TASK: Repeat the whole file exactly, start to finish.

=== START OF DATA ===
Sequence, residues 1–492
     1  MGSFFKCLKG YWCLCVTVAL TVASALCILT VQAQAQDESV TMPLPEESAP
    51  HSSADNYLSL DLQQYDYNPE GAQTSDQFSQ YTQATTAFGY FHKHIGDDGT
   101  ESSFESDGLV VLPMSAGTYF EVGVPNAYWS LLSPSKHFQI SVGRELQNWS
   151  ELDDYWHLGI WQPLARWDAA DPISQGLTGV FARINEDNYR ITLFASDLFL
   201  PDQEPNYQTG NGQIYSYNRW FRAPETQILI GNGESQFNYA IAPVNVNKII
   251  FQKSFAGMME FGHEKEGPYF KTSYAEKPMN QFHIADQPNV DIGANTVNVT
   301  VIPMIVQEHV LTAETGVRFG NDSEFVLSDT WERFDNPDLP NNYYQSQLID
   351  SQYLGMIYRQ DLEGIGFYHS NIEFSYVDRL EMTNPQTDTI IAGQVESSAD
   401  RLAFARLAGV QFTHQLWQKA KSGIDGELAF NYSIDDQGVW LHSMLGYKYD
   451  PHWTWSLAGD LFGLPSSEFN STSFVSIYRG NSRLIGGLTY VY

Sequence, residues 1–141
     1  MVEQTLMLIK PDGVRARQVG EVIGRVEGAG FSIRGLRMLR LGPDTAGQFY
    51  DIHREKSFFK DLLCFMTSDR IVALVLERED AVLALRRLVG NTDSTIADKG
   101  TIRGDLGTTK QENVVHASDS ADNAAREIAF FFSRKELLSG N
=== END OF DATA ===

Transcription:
Sequence, residues 1–492
     1  MGSFFKCLKG YWCLCVTVAL TVASALCILT VQAQAQDESV TMPLPEESAP
    51  HSSADNYLSL DLQQYDYNPE GAQTSDQFSQ YTQATTAFGY FHKHIGDDGT
   101  ESSFESDGLV VLPMSAGTYF EVGVPNAYWS LLSPSKHFQI SVGRELQNWS
   151  ELDDYWHLGI WQPLARWDAA DPISQGLTGV FARINEDNYR ITLFASDLFL
   201  PDQEPNYQTG NGQIYSYNRW FRAPETQILI GNGESQFNYA IAPVNVNKII
   251  FQKSFAGMME FGHEKEGPYF KTSYAEKPMN QFHIADQPNV DIGANTVNVT
   301  VIPMIVQEHV LTAETGVRFG NDSEFVLSDT WERFDNPDLP NNYYQSQLID
   351  SQYLGMIYRQ DLEGIGFYHS NIEFSYVDRL EMTNPQTDTI IAGQVESSAD
   401  RLAFARLAGV QFTHQLWQKA KSGIDGELAF NYSIDDQGVW LHSMLGYKYD
   451  PHWTWSLAGD LFGLPSSEFN STSFVSIYRG NSRLIGGLTY VY

Sequence, residues 1–141
     1  MVEQTLMLIK PDGVRARQVG EVIGRVEGAG FSIRGLRMLR LGPDTAGQFY
    51  DIHREKSFFK DLLCFMTSDR IVALVLERED AVLALRRLVG NTDSTIADKG
   101  TIRGDLGTTK QENVVHASDS ADNAAREIAF FFSRKELLSG N